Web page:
8 September 2019

Out of the Closet with Kitty and Nan

The third instalment of my TVOF column Shelf Life, in which I look at literature through the prism of clothing, is about a book I have loved for twenty years:

In the 19th-century London of Sarah Waters’ Tipping the Velvet, clothes can help keep secrets—or reveal new selves. What looks like display might well be a disguise.

“All the world’s a stage, and all the men and women merely players,” runs the famous speech in As You Like It. It is fitting that history's most famous playwright made the theatre a metaphor for the unfolding of human life. But the stage can also be the perfect literary take-off point for stories of self-transformation—and the first step in becoming something—or someone—else is to dress the part. Sarah Waters' extraordinary first novel Tipping the Velvet, published 20 years ago and set in the Britain of the 1880s, begins on the music hall stage. That is where, in the Canterbury Palace of Varieties, the entranced Nancy Astley first sets her eyes upon Kitty Butler.

At first glance, Miss Butler is a girl dressed up to look like a posh young man: in a gentleman's suit, tailored to her size and lined at the cuffs with bright silk, with a white bow tie at her collar and a top hat on her head. But as Nancy's hungry gaze takes in more detail, she realises that though Kitty strides and sings like a boy, and stands with her hands “thrust carelessly into her trouser pockets”, her slender frame is unmistakably rounded “at the bosom, the stomach and the hips, in a way no real boy's ever was”.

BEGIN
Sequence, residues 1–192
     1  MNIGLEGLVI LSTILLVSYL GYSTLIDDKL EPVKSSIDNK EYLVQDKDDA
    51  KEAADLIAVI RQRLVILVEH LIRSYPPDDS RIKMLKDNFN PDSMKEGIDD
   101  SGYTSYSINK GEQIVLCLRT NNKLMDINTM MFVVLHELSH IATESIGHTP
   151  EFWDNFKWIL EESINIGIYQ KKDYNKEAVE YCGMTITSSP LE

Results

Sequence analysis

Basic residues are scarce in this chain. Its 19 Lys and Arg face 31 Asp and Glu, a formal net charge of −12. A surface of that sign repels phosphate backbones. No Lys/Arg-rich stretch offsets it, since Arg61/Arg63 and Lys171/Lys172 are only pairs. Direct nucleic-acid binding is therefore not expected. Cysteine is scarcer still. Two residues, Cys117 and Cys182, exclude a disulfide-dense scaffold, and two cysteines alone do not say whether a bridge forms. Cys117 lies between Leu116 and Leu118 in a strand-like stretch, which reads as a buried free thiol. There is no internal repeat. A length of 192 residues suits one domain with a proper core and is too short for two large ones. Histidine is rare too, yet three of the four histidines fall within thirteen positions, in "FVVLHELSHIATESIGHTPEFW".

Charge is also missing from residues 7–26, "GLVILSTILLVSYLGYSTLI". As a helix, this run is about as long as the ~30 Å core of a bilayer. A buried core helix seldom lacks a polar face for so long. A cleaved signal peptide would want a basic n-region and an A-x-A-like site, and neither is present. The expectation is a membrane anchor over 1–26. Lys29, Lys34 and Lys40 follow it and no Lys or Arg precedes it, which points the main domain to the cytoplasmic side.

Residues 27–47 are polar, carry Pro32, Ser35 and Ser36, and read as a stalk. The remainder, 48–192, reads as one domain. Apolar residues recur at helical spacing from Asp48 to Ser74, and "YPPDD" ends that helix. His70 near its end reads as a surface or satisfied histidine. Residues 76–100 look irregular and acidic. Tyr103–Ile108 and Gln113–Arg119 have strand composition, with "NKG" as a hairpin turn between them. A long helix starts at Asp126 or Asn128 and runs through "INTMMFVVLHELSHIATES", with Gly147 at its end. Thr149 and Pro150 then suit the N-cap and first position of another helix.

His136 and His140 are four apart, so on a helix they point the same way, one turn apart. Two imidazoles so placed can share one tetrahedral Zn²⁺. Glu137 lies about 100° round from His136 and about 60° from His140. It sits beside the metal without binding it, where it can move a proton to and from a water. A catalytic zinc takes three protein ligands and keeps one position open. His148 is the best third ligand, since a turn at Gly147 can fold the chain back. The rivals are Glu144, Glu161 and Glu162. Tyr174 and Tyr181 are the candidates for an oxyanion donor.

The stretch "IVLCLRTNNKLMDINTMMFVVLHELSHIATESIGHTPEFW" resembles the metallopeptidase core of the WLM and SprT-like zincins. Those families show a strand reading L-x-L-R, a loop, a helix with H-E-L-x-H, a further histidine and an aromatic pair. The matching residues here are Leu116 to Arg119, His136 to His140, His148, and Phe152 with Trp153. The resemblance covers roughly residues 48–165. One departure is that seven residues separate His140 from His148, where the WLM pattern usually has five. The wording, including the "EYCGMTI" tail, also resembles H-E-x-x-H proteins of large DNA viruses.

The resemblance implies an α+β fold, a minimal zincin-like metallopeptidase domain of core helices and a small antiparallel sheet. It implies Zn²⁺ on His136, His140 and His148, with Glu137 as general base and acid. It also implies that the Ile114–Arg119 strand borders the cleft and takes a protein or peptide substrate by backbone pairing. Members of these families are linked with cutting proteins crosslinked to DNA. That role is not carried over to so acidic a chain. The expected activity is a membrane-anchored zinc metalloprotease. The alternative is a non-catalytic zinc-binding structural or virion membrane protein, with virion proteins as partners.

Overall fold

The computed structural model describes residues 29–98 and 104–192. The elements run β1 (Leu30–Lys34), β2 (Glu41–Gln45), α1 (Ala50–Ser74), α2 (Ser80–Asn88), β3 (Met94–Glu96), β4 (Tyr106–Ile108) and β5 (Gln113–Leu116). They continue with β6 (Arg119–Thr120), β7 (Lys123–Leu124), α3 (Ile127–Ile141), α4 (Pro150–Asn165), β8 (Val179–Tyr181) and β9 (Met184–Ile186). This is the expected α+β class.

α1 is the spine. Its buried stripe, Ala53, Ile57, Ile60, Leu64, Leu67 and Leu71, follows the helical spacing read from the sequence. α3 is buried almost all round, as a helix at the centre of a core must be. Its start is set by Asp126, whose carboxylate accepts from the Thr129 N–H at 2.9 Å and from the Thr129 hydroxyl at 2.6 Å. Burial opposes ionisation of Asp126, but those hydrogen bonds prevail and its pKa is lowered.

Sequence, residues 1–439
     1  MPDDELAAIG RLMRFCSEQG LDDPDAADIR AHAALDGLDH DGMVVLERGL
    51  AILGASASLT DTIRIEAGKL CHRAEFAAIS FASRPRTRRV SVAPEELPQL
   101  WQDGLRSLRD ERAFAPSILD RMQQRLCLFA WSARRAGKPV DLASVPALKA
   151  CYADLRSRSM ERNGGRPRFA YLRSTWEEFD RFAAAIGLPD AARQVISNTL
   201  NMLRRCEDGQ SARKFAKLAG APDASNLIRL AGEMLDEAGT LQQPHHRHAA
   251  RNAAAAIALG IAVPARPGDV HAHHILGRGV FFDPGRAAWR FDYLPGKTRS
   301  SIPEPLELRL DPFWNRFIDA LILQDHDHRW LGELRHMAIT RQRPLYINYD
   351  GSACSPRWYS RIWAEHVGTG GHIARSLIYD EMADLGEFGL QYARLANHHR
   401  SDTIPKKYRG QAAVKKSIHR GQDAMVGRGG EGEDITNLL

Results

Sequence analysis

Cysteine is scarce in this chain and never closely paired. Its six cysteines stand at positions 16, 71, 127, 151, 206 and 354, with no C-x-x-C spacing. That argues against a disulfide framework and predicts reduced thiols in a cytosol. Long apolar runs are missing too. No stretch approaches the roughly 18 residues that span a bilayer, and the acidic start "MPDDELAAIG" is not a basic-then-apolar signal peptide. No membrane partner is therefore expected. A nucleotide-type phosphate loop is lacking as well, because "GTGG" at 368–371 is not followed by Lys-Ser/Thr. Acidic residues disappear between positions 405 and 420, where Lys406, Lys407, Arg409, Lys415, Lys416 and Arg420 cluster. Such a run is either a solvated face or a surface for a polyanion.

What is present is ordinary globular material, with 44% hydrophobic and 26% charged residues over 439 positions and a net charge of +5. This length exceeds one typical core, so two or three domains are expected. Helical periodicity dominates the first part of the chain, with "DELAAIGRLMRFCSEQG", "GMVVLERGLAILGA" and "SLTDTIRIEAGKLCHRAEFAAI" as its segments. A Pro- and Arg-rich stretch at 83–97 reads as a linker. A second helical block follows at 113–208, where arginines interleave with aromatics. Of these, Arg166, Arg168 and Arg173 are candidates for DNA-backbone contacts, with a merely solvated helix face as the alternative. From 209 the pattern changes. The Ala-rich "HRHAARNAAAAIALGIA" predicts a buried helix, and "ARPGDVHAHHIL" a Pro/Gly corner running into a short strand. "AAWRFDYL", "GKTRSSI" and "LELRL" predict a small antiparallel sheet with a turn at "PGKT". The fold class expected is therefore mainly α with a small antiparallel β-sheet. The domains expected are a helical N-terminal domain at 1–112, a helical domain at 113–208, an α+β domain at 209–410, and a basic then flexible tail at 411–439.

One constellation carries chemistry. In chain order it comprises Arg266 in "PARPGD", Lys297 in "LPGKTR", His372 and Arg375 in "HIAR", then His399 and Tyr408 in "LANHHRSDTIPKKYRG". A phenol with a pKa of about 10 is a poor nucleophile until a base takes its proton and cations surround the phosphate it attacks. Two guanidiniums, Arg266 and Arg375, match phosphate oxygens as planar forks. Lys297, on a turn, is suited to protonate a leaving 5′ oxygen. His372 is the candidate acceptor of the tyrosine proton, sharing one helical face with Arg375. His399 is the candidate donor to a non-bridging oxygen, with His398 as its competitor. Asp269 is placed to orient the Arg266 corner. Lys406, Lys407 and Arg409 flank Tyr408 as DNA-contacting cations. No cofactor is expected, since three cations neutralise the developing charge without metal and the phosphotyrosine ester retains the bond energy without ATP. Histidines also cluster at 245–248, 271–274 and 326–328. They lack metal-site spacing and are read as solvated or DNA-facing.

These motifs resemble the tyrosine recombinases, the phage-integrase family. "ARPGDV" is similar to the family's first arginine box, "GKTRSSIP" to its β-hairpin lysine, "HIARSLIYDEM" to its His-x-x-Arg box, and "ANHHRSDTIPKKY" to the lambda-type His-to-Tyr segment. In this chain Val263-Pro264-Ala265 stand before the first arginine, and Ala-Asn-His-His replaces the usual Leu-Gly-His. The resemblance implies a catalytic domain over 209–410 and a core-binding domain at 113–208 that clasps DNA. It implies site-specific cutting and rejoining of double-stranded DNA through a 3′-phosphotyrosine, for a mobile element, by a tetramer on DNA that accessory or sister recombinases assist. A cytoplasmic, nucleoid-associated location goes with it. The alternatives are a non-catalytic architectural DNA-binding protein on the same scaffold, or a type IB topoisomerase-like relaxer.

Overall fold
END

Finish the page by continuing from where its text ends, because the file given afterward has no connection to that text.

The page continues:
What makes Kitty attractive is her changeability: now she seems like an exceptionally pretty boy, and now a slender, boyish girl. And much of that sense of changeability—for Kitty, and later for Nancy—is achieved in the novel through clothes.

Clothes are crucial, too, to the unlikely relationship that springs up between the upcoming music hall star and the Whitstable oyster girl. The adoring Nan begins to visit Kitty in her dressing room, folding up her stage clothes with quivering fingers, secretly pressing to her cheek “the starched linen of her shirt, the silk of the waistcoat and the stockings, the wool of the jacket and the trousers” —receiving from the clothes an erotic charge that their wearer has not yet acknowledged. Soon, the growing familiarity with the costumes becomes the route to intimacy with the person: Nan becomes Kitty's dresser, and her companion in London.

It is after this that the novel really comes into its own, laying out in scintillating narrative a world of performance, both off-stage and on it. Hoping to distinguish Kitty from a rising tide of male impersonators, her agent tells Kitty and Nan that they must “go about the city and study the men”, so that her act can broaden into a host of different male guises, each with its own song—and crucially, its own costume: “What think you of a policeman's jacket? Or a sailor's blouse? ... all that handsome gentlemen's toggery that languishes, at this very minute, at the bottom of some costumier's hamper, waiting, simply waiting for Kitty Butler to step inside it and lend it life!”